When describing access to public records, “slow” is the first word that comes to mind, Ken Eudy, a senior adviser to Gov. Roy Cooper said Monday, March 11, during a talk on government transparency at Elon University.
Eudy’s 30-minute speech came before a group of reporters and local government staffers at an event hosted by the N.C. Open Government Coalition kicking off National Sunshine Week, an annual nationwide celebration of access to public records.
In a talk that started with a joke about being “off-the-record,” Eudy covered several topics, including his concerns over election ethics violations, his views on “gotcha journalism,” and his defense of how Cooper’s administration handled records requests about the Atlantic Coast Pipeline.
A journalist-turned-lobbyist-turned-bureaucrat, Eudy said he has seen all sides of transparency issues.
“I know that many of you ask the same question many times … ‘Why does it take so damn long, and why does it cost so damn much?’”
“It’s more complicated than it looks,” he answered.
Eudy pointed to the Atlantic Coast Pipeline. The ACP is an LLC formed in 2014 to build a 600-mile natural gas pipeline from West Virginia to Virginia and North Carolina. In 2018, the ACP provided Cooper a $57.8 million discretionary fund to spend at will for damage mitigation, economic development, and renewable energy projects. The move triggered controversy and an onslaught of public records requests.
Carolina Journal’s reporting raised concerns about the legality of the fund, which would have bypassed the General Assembly entirely. Legislators said the arrangement was unconstitutional and looked like a “pay-to-play” scheme, CJ has reported. In February, the General Assembly voted to redirect Cooper’s discretionary fund to the school systems in eight counties in the path of the pipeline.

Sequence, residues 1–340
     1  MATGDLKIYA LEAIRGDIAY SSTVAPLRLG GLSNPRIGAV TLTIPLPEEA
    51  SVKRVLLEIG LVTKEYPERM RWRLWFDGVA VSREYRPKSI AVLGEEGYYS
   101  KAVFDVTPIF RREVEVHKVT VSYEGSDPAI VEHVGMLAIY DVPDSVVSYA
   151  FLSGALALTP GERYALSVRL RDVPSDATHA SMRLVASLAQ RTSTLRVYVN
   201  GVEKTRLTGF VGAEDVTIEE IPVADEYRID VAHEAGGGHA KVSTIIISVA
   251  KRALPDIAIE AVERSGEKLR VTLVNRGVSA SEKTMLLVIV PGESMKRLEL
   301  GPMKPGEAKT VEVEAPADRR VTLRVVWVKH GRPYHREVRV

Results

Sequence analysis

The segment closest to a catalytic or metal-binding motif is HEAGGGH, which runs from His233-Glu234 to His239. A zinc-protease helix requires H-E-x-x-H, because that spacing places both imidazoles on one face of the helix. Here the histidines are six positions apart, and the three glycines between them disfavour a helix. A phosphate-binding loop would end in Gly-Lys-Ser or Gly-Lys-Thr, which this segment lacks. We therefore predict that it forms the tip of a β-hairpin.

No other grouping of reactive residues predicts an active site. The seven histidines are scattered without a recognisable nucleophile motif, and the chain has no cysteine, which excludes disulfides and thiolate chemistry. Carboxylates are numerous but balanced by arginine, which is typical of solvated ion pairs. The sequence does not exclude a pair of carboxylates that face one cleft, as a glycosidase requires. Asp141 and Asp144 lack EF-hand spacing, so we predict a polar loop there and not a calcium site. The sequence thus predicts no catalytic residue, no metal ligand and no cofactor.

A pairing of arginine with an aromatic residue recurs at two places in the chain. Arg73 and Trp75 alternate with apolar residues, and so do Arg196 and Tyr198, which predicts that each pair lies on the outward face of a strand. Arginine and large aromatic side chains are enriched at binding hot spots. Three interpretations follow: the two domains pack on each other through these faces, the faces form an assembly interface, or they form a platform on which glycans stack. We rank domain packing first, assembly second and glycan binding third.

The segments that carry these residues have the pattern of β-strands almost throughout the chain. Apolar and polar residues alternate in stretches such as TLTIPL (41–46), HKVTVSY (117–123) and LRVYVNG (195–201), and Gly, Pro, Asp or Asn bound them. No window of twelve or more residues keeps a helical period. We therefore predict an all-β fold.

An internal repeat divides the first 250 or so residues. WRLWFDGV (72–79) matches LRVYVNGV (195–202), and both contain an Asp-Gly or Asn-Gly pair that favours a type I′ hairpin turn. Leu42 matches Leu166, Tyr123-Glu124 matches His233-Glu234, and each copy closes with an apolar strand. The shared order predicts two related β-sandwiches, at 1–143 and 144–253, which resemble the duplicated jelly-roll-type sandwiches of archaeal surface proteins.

In December, Cooper’s administration released thousands of documents in response to numerous public records requests from the media and members of the N.C. General Assembly. WRAL uploaded the files into a searchable database with more than 19,000 pages.
Two of the governor’s 54 full-time staff members were tasked with collecting email, text, and phone records from roughly 30 people. That made it slow going, Eudy said.
CJ made its first requests for documents Feb. 9, 2018.
For those with complaints about Cooper’s transparency efforts, “I can only say, it was the best we could do, and we’ll try harder,” Eudy said.
The press has fallen into “gotcha” journalism with a “fad” trend of fact-check stories, he said at the end of his speech.
“Fact-checking is substituted oftentimes for efforts to connect the dots and provide context about the larger truth,” he said.
Eudy began his career as a journalist, first on television and then at The Charlotte Observer. In the late 1980s, he served two years as executive director of the N.C. Democratic Party. In 1994 he founded the consulting and lobbying firm Capstrat. He joined the Cooper administration in January 2017 when the governor was inaugurated.
CJ Executive Editor Don Carrington provided additional reporting for this story.